• Harms. “The two trials (n=918) that directly evaluated screening of anxiety did not report harms, and there was no pattern of effects indicating harms.1 None of the RCTs or ESRs of psychological treatment reported on adverse events. Three RCTs (N=669), 10 ESRs (~112 RCTs; N≈29,674), and two case-control studies (N=262,3780) addressed the harms of pharmacologic treatment. Most evidence occurred in general adult populations. Evidence demonstrated an increase in nonserious harms (defined as any adverse events and withdrawals due to adverse events). Serious adverse events were rare…”

A few thoughts:

1. This is a well-argued recommendation.

2. It is a comment on our times that a major panel in the United States is focused on a mental disorder, and that the media coverage includes an article in the front section of The New York Times. #Progress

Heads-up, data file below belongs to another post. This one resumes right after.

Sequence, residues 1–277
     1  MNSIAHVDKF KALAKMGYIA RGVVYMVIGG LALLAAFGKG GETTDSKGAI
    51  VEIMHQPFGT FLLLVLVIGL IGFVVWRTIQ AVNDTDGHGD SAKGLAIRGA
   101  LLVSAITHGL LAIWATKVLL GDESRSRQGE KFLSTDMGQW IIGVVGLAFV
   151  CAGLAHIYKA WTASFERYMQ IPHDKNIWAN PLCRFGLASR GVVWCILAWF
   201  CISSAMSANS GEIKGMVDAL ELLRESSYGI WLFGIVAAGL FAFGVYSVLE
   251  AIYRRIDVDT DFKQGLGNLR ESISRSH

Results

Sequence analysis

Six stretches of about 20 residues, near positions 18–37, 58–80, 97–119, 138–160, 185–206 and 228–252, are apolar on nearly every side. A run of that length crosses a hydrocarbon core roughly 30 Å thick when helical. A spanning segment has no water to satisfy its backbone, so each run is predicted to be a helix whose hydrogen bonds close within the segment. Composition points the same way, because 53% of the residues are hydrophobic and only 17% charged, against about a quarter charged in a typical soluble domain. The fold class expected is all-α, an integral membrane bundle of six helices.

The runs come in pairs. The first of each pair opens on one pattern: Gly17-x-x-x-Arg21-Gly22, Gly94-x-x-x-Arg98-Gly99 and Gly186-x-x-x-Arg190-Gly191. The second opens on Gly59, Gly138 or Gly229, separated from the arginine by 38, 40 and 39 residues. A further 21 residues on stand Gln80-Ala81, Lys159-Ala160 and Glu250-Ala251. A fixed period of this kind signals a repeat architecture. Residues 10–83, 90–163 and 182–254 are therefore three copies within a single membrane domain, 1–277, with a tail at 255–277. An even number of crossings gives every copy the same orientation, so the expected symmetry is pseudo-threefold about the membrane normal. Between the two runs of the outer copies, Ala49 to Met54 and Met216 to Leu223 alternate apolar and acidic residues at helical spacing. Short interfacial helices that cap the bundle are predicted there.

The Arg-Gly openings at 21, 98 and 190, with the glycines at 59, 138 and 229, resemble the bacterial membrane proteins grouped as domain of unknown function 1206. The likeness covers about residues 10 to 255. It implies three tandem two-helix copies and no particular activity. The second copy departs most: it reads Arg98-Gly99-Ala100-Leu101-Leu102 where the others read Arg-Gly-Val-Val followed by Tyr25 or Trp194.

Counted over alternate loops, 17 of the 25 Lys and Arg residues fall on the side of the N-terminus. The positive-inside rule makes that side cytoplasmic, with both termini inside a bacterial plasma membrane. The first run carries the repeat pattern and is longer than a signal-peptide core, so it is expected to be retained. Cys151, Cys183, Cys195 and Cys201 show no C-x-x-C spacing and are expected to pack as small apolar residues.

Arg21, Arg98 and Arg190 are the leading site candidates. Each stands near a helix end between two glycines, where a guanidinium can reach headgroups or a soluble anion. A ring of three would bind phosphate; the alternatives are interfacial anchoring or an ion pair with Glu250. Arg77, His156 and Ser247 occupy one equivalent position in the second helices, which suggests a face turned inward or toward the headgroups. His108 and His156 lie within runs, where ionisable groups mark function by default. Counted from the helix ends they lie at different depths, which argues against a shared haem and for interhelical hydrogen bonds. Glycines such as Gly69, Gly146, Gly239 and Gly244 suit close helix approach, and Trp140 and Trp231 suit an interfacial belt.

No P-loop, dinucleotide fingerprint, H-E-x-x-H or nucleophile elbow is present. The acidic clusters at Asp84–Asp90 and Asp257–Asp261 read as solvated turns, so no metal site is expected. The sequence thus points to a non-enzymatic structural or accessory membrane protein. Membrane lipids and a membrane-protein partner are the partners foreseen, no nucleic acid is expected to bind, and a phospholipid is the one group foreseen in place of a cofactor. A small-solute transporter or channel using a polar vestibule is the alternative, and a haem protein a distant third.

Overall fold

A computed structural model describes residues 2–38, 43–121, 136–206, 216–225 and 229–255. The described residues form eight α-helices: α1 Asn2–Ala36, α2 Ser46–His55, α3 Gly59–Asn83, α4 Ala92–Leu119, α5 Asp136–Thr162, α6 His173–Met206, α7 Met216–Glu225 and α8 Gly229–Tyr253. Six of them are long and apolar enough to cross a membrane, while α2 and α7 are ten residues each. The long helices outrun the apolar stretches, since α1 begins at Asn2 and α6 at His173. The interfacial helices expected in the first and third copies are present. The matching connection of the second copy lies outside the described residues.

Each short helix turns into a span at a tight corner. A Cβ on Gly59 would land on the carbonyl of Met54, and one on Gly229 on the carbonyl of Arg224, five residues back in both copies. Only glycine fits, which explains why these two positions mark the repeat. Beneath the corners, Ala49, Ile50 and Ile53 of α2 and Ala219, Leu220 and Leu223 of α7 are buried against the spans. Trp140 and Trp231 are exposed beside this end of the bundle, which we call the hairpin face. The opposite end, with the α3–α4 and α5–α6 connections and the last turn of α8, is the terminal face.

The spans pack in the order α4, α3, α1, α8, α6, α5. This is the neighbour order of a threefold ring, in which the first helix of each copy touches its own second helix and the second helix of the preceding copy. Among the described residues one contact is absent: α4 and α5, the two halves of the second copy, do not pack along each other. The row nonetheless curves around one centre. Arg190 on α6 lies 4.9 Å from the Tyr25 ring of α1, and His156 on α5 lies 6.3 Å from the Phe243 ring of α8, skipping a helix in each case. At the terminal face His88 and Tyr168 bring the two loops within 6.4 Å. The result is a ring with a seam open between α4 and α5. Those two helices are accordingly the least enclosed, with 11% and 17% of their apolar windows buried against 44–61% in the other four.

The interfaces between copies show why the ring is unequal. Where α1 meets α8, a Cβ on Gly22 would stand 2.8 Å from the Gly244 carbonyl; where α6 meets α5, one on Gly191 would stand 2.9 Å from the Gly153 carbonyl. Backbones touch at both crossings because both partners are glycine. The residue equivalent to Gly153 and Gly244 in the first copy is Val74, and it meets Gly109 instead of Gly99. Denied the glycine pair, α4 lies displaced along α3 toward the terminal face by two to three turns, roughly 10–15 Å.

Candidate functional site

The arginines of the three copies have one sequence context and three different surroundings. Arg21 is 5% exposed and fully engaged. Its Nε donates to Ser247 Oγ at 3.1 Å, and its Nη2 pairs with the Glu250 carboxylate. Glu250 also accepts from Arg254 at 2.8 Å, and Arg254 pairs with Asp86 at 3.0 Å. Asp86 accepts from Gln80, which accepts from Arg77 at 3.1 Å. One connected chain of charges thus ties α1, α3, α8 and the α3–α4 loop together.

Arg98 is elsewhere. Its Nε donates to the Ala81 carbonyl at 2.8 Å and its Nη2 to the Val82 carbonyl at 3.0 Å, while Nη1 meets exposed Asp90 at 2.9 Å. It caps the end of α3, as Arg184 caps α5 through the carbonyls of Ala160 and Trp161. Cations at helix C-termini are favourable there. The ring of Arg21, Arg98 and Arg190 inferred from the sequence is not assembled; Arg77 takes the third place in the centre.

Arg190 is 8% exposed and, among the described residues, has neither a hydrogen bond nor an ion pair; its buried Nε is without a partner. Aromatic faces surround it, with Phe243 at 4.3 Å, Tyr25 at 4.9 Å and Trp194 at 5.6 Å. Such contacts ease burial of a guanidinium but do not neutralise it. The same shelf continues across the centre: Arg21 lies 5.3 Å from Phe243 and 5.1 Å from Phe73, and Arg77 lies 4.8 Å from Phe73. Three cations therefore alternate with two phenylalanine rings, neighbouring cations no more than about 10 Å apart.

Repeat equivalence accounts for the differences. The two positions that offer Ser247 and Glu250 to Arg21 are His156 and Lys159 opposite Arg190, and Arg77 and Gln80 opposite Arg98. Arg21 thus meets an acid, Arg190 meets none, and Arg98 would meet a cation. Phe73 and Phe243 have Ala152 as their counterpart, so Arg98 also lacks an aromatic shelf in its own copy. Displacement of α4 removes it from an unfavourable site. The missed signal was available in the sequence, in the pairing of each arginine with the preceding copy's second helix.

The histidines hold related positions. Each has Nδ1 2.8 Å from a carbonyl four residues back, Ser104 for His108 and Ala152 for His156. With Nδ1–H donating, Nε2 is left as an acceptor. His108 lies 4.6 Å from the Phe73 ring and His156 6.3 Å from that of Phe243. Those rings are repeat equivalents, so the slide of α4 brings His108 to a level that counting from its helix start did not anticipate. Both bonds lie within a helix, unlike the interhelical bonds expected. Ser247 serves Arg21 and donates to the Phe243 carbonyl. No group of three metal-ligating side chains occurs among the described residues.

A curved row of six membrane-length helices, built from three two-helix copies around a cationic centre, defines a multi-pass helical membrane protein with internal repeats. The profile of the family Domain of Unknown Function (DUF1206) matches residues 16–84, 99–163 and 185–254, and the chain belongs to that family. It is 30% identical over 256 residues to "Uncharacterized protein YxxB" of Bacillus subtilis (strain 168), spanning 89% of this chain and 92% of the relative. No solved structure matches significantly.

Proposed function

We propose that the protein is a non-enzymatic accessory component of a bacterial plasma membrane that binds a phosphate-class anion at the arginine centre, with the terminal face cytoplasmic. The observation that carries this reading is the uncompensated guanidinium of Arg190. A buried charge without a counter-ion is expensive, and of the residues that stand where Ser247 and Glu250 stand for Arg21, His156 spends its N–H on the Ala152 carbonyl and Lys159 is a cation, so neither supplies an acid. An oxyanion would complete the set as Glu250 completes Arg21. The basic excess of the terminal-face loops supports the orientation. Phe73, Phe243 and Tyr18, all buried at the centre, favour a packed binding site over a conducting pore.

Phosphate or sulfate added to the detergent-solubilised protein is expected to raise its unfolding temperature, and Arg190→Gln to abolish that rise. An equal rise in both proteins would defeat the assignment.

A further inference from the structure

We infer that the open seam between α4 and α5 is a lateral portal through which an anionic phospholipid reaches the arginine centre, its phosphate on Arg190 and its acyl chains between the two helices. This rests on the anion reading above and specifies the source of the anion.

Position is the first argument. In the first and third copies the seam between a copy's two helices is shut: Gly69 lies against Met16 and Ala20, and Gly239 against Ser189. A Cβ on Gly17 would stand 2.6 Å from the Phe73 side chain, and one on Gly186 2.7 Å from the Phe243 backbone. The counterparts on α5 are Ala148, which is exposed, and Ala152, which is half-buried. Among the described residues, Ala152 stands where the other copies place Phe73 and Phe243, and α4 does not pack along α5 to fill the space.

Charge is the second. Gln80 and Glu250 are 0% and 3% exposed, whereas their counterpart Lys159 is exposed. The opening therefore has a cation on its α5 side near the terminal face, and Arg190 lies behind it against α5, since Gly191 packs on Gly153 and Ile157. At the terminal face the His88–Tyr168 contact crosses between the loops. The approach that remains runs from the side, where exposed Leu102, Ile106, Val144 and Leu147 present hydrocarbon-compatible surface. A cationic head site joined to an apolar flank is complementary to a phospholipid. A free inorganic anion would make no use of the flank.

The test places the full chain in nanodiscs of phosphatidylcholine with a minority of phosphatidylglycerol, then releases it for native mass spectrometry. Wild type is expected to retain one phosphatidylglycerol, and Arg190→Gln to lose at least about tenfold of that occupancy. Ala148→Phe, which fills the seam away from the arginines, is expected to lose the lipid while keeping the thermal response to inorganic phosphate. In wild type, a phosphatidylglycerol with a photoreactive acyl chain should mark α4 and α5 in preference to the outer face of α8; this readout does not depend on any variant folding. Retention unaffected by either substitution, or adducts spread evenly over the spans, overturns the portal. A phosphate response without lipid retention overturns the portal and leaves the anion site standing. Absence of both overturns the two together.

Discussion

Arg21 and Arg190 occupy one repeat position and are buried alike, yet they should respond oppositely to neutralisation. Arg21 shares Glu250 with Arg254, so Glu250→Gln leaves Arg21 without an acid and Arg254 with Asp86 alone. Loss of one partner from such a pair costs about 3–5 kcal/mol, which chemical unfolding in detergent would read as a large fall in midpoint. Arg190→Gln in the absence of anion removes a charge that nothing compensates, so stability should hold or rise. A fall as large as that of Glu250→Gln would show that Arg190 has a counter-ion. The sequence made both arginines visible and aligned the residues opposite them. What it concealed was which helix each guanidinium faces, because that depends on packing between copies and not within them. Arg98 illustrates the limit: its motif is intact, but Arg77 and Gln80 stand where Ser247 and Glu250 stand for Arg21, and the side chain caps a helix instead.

3. Their argument in a nutshell: anxiety disorders are common and have significant morbidity; screening is straightforward; the interventions work; therefore, we should screen more.

4. But is this recommendation practical? To play the devil’s advocate: just because the screening can be done, would it actually improve outcomes? Would it instead soak up scarce resources but not result in better treatment?

5. The USPSTF has a history of suggesting that more screening would be helpful, including a 2016 recommendation that called for pre- and post-natal screening for depression. I asked Dr. Scott Patten (of the University of Calgary) for his thoughts.

Scott Patten

“In my understanding the USPSTF position on pre- and post-natal screening remains something of an anomaly. If you look at the latest Canadian guideline, I think they do a great job in clarifying some of the terminology, which should help to sidestep some of the issues:

“They recommend against ‘instrument-based screening’ but are careful to stipulate that they are not against appropriate inquiries about the important dimensions of mental health as a component of good clinical care, or other efforts that would achieve the same ends probably much better, e.g., mental health literacy and reduced stigma among patients, better clinical skills and awareness among professionals.